We know this because he flew on Saturday. Bennett is an Orthodox Jew, for whom the one justification for traveling on the Sabbath is possibly saving human life. With him as his interpreter was Kharkhiv-born Housing Minister Zeev Elkin, also Orthodox. I have many doubts about both men, but I’m certain they wouldn’t have flown on Shabbat without that hope.
Thus far, nothing has happened to realize that hope. Leaks about what led to it should be treated with extreme skepticism. Whatever is reported now will be disproved by documents that will be declassified in three decades. The trip was so secret that, reportedly , Bennett only notified the Israeli military at the last moment and Elkin drove himself to the airport himself to avoid involving a ministerial driver.
So Bennett believed he might somehow stop the killing, but human actions usually have multiple motives. Altruism can also be instrumental. By inserting himself as mediator, Bennett was serving two kinds of self-interest.
One was personal, in the realm of domestic politics. Bennett is an almost accidental leader of a governing coalition held together only by rejection of ex-prime minister Benjamin Netanyahu. Inevitably, Bennett seeks to show that the country can do without his predecessor. Netanyahu campaigned on the claim that he was in a “different league” from all other Israeli politicians, and that his diplomatic skills gave him unique access to world leaders — including Russian dictator Vladimir Putin. For Bennett, presenting himself as the first Western leader able to sit down with Putin since the invasion was an irresistible opportunity.
The second interest was national. The peacekeeping bid provided an explanation — or an excuse — for the Israeli government’s all-too-noticeable standoffishness toward the Western coalition against Russia. Israel hasn’t joined European and U.S. sanctions against Russia. As of this writing, one can still book a direct flight from Moscow to Tel Aviv. Israel is sending humanitarian aid to Ukraine — but not military supplies. It took public and legal pressure for hard-line Interior Minister Ayelet Shaked to loosen the entry criteria for Ukrainian refugees.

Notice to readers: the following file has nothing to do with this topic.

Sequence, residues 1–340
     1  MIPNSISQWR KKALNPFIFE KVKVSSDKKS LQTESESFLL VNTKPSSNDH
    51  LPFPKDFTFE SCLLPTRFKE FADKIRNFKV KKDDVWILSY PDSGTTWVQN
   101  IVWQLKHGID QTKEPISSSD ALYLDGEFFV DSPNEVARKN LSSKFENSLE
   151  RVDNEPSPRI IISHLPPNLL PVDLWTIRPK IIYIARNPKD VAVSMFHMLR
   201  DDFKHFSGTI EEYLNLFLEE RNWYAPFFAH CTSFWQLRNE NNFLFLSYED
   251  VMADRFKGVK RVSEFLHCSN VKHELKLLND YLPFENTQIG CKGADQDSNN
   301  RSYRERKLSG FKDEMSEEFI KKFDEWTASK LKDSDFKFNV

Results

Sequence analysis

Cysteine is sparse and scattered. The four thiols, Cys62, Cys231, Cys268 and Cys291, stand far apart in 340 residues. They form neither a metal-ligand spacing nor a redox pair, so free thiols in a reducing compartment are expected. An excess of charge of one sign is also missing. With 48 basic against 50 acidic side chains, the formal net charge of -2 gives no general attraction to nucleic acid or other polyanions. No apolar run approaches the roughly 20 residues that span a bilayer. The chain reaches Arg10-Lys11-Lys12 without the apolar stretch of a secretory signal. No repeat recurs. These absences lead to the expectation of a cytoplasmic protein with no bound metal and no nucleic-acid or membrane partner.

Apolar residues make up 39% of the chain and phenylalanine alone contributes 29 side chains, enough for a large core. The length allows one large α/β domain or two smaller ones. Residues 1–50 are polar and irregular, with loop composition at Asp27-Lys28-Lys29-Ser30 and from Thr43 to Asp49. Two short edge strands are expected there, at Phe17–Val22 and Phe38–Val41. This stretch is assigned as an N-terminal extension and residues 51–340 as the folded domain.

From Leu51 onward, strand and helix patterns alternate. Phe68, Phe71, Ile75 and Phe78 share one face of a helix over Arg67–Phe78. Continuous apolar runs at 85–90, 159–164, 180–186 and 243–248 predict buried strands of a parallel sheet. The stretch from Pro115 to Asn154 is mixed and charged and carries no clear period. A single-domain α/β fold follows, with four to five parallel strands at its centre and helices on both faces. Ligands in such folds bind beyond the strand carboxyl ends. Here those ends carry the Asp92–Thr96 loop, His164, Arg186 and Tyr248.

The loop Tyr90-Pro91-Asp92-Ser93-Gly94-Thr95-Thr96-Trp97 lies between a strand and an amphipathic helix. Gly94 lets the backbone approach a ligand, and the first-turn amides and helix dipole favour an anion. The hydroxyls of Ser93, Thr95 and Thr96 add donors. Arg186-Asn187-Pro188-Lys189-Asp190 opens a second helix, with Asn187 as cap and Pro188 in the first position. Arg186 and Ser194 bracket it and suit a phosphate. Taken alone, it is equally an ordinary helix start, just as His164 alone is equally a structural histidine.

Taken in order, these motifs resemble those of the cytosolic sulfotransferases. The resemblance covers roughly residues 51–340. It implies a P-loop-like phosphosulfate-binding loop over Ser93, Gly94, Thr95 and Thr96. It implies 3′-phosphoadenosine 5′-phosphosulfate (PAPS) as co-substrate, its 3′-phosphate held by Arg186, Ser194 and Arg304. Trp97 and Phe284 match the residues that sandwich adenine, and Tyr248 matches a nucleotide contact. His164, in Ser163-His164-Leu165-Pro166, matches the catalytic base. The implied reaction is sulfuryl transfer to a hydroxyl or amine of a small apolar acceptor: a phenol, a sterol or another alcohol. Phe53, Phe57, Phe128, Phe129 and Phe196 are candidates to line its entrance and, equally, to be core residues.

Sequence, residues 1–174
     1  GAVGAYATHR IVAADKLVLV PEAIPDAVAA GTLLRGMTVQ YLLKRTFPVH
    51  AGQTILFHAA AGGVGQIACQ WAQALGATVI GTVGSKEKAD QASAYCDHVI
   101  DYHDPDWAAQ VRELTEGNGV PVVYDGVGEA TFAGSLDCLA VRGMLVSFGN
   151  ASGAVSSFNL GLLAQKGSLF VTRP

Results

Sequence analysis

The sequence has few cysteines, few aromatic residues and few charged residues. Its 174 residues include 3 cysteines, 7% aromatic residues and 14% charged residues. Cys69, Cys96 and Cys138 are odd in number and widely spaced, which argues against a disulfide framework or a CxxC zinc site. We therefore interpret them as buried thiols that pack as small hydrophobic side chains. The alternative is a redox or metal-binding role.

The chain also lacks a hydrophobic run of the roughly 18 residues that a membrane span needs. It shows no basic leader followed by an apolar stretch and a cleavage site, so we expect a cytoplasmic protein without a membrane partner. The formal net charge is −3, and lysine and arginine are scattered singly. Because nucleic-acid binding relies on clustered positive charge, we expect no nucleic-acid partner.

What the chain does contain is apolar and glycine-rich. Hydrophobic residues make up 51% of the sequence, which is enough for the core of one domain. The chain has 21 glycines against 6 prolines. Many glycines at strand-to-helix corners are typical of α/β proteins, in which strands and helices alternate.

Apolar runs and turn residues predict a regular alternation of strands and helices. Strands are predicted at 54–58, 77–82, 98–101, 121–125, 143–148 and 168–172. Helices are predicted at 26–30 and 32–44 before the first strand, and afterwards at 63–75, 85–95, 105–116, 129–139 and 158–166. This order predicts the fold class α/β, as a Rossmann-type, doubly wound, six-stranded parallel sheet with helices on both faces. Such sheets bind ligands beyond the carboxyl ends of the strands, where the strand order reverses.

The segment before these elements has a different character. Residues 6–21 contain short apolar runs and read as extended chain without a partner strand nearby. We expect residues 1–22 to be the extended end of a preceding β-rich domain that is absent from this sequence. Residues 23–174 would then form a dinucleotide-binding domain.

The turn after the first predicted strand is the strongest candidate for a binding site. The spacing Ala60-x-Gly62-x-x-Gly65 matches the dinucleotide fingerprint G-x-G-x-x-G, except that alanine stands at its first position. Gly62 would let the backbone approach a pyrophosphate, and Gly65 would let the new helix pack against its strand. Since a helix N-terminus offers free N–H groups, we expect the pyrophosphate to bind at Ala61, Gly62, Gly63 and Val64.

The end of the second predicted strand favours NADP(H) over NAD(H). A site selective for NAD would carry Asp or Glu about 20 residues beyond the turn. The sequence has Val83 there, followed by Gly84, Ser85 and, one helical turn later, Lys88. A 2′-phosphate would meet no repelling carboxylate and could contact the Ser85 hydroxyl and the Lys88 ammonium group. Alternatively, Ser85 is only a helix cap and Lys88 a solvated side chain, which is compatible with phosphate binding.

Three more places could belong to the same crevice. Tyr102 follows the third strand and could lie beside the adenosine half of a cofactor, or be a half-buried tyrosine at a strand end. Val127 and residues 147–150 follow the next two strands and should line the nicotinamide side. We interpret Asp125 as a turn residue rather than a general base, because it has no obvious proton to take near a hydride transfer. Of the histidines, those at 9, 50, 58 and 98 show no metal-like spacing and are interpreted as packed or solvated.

Putin’s willingness to receive Bennett as a go-between is a payoff for half-neutrality. For that matter, so is Ukrainian President Volodymyr Zelensky’s proposal over the weekend that negotiations with Russia take place in Jerusalem.
But those responses, in themselves, don’t explain Israel’s policy. One reason for Israel’s fence-sitting is its strange arrangement with Russia in Syria — where Russia controls the skies but allows Israel to continue its air campaign against Hezbollah and the group’s Iranian sponsor.
That’s only an example of a larger pattern. “Israel looks at the [Ukraine] crisis through an entirely different lens than Western countries, and more and more like most Middle Eastern countries, even though it’s a democracy,” ex-Knesset member Ksenia Svetlova, now a research fellow at the Institute for Policy and Strategy at Reichman University and Mitvim, the Israeli Institute for Regional Foreign Policies, told me.
That lens is regional. On one hand, Russia “is much closer ... than the United States is,” and “it’s increasing its presence in the Mediterranean basin,” she says. On the other, America has “left without leaving,” drawing down forces and lowering the Middle East in its priorities. Russia has stepped into the vacuum.
Svetlova also says she is concerned Israel looks at the war in Ukraine “as something … not next to [Israel’s] borders.” This view ignores the moral dimension of Russia’s unprovoked and brutal attempt to overrun its neighbor. And that’s not the only reason it’s a misguided perspective.
“I suspect that the government hasn’t absorbed that the world has changed ... that Russia is now a pariah state, like North Korea,” Svetlova says. In such a global event, maneuvering between superpowers is no longer an option. Whatever regional alliances Israel has formed are far less substantial than being part of the West. Fence-sitting, Svetlova explains, “distances us from our natural camp ... the United States and Europe.”
Israel’s hesitations also carry a message for Washington: Russia’s role in the Middle East is a result of American retreat, and Russia’s cruelty in Syria now looks like an ignored warning of its crimes today in Ukraine. In the return to stark confrontation reminiscent of the Cold War, the United States cannot afford to treat the Middle East as a minor priority.